Despite evidence of change all around us, people think that wills, trusts, estate plans, and powers of attorney are immune from becoming obsolete. “I did my plan in 1995 and it still must be valid,” says Oblivious Oscar.

Or maybe not.

It may be a shock to some, but people change. There are family feuds and fissures. On the other side of the family dynamics equation, I’ve seen one son so successful that he didn’t need an inheritance and wanted it to go to his struggling brother instead.

Furthermore, the best-laid plans can unravel with time. For instance, you made Betty your executor but Betty has died. Your back up for Betty, Clarice, is now in a nursing home with Alzheimer’s. Your children were minors in 1995, but are now capable of managing your estate. Oh yes—you keep forgetting where you put the car keys. Maybe it’s time to ask your daughter to help manage your bank account.

The law doesn’t change as fast as computers, hemlines, and car models, but it does change. There are a number of significant changes in the recent years that now make your old plan obsolete. For instance:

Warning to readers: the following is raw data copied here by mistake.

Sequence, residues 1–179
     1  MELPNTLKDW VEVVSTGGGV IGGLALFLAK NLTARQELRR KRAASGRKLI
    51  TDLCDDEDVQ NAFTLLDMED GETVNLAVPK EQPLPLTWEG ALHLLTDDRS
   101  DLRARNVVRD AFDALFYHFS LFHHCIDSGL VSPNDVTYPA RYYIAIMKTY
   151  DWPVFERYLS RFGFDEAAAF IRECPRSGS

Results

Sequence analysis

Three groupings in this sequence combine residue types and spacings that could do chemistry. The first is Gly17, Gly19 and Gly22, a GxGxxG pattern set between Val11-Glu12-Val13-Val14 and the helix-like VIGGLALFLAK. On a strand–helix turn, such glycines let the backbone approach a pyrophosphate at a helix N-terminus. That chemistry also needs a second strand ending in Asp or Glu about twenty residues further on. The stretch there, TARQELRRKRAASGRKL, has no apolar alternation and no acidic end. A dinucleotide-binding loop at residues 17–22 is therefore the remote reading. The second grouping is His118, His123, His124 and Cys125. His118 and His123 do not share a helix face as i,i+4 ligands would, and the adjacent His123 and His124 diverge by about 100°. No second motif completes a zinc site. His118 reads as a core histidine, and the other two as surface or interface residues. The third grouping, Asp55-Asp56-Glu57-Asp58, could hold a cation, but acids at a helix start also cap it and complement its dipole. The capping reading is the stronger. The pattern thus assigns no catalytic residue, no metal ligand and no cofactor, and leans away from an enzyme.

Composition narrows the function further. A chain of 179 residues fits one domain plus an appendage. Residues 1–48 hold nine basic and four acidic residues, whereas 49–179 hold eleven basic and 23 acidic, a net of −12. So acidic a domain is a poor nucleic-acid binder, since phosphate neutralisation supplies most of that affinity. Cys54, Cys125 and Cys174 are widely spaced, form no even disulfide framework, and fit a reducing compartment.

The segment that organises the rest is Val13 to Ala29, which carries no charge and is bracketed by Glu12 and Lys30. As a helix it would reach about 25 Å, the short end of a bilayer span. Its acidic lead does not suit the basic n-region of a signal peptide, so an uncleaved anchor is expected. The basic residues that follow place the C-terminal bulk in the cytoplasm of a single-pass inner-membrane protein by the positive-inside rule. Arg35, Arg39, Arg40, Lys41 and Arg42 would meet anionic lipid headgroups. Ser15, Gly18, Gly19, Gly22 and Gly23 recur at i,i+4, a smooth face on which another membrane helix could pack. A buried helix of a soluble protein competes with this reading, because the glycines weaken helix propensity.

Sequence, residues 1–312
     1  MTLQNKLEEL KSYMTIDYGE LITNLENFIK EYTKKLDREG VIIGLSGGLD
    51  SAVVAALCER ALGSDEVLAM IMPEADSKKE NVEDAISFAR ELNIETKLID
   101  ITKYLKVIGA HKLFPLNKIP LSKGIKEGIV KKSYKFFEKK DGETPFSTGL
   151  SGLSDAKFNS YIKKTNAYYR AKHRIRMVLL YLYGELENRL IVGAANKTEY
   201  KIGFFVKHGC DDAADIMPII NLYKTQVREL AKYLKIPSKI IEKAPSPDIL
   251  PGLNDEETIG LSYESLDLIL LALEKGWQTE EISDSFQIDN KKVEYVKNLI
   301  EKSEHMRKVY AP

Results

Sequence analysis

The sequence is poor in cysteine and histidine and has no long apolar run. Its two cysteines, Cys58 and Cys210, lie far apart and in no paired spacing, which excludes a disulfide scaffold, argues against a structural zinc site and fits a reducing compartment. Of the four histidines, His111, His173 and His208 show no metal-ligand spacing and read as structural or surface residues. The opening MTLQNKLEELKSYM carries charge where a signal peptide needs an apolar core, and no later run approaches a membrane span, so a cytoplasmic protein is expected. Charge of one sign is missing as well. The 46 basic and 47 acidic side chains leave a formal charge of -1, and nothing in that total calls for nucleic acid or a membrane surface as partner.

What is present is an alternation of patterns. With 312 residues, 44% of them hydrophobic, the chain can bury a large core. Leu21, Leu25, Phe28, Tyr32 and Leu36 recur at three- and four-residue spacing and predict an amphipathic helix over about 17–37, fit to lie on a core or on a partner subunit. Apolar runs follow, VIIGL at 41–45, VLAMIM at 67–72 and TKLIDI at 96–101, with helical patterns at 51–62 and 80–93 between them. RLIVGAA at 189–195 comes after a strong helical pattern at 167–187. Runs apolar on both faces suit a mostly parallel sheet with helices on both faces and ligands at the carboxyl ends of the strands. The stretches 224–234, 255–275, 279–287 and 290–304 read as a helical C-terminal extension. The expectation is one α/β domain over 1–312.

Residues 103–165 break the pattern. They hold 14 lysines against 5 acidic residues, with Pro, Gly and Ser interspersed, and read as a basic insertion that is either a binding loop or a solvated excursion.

Dramatic Tax Changes. There have been some recent dramatic changes in estate and income tax law. Today, 99% of Americans are unlikely to pay estate tax. But, if they have a plan that was done before 2013 and they are married, chances are that they have a plan that will cause unnecessary income taxes. Usually, the pre-2013 plans were based upon the old tax law where the first spouse to die had to create a Family Trust to avoid federal estate taxes. For the 99%, such Family Trusts are no longer necessary to save federal estate taxes (Generation skipping transfer and state inheritance taxes are another matter).

But these old estate-tax avoidance trusts now lead the beneficiaries into an income tax problem that is totally avoidable.

For instance, Norm and Nancy had an old estate plan they did not update. When Norm died, Nancy dutifully set up the Family Trust as she was required to do when Norm died. She didn’t like the Family Trust because it was complicated, restricted what she could do with the money, and required her to pay for and have anxiety over another tax return just for the Family Trust.